Glitter and be Gay: Die authentische Operette und ihre schwulen Verehrer
1 August, 2007
Do you know Phi-Phi? Unless you are French or Hungarian and over 90 years of age, you won’t ever have seen it in all its original glory. I haven’t either. But I have read its original text and I have played and sung my way though the entire score (all of the parts, ingénue to basse comique). It is one of the funniest, liveliest, sexiest – not to mention most tuneful – pieces of theatre ever written.
When I first read it, lying on my bed on a hot summer’s day in St Paul de Vence, I laughed until I literally ached myself into something worse than an asthma attack When I listened to the one good modern recording, made in the 1950s by Pathé, with the incomparable vocal comedian Bourvil in the title role of the ancient Greek (but very contemporary Parisian) sculptor, I simply melted into the mattress. I giggled (no, I don’t giggle, let’s say chortled), I hummed and sang snatches, for days and weeks after. I fear I may even have whistled.
This pieces is one of the greats, as the little coven of modern opérette lovers, world-wide, who have discovered its witty, wicked charms know well. Yet, after its first record breaking run, it barely travelled outside France. Oh, it was produced in Britain, America, Germany and places beyond, but it failed. Why? Because it was deodorised. The plot, the lyrics, even the music, were de-sexed for the ears of ‘decent’ twixt the wars foreign audiences, and the world never saw the magnificent Phi-Phi with all his parts intact.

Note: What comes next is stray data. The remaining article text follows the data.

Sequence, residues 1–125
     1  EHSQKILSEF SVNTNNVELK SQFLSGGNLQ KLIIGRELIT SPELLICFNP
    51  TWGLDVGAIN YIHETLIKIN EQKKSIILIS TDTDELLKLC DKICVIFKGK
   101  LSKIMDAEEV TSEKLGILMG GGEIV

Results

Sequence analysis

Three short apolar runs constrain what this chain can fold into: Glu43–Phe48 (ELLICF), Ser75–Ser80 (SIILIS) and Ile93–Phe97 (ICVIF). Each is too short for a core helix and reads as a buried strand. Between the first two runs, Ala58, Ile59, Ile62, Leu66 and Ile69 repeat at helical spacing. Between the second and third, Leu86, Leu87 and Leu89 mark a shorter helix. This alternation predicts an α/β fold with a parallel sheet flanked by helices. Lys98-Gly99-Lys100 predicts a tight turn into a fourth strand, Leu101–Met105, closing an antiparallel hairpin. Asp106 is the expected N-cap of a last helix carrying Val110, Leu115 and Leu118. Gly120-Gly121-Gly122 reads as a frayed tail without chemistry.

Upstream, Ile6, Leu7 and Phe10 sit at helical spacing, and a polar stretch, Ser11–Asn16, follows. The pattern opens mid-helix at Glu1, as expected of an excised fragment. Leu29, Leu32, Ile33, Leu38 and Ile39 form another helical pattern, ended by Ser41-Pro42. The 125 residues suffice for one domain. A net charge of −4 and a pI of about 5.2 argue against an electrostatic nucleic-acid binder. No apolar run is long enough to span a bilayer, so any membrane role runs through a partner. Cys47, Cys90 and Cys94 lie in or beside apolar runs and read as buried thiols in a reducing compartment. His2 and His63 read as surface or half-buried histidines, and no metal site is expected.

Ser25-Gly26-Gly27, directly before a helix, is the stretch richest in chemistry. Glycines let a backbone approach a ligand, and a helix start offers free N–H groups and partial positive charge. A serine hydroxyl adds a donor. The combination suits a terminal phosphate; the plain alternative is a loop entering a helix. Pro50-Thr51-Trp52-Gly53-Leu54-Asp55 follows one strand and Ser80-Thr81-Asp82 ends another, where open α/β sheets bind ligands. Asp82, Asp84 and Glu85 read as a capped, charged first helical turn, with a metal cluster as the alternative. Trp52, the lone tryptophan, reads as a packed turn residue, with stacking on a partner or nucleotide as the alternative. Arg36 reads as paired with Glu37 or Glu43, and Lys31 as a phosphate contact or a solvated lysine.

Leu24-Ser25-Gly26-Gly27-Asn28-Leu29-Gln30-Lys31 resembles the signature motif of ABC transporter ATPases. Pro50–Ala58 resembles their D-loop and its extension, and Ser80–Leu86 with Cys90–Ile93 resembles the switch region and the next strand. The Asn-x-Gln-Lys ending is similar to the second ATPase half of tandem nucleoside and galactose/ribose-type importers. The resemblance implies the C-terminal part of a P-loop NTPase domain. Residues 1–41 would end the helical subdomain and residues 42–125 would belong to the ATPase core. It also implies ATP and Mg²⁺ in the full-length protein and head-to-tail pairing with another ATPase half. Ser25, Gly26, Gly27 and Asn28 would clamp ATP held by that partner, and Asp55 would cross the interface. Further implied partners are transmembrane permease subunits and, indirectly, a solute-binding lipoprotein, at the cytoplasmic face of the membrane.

So, when, in 1989 I heard that there was to be a revival of the show in Paris, I headed straight for the French capital. France, the birthplace of the most brilliant of comic Opérettes of the 19th and 20th centuries, could surely be relied on to give us the real thing. Imagine, for example that glorious waltz duet ‘Ah! Tais-toi’, between the randy tenorious Ardémidon and the vaguely-protesting wife of the sculptor, given as it was written. As they strip each other to the buff ready for a little adultery. Or the tenor’s ‘model’ audition before the celebrated sculptor for a place in his new creation. Well, its an ancient Greek statue, so… Enough said. I mean, it’s not that I’m a voyeur or anything.
And let’s face it, many operettic singers are not exactly a feast for the eyes, even with their clothes on.
But to make this wonderfully liberated (and the 1918 pun is intended) piece work to its unsurpassed utmost, the nudity is necessary. And, anyway, nice. And I wanted to see the show in all its glory, not just some of it.
Alas, France 1989 proved to be less liberated than France 1918, and what I saw was not at all what I had expected and longed for. The piece had seemingly been ‘adapted’ on its way to the modern stage, and for me it was underacted, undersung and .. well .. under- practically everything. And the nudity? Mme Phidias got her blouse off and that just about said it all. The production was one of the great disappointments of my theatre-going life. Not to mention the waste of an air ticket.
But Phi-phi still remains one of my great opérette moments. A moment I can only compare to solo sex.
The moment came on my bed in St Paul, drawn from a book of words and a ring of vinyl. And it was played out on the best and most magical stage in the world. That stage where everything is perfect. The one inside my head.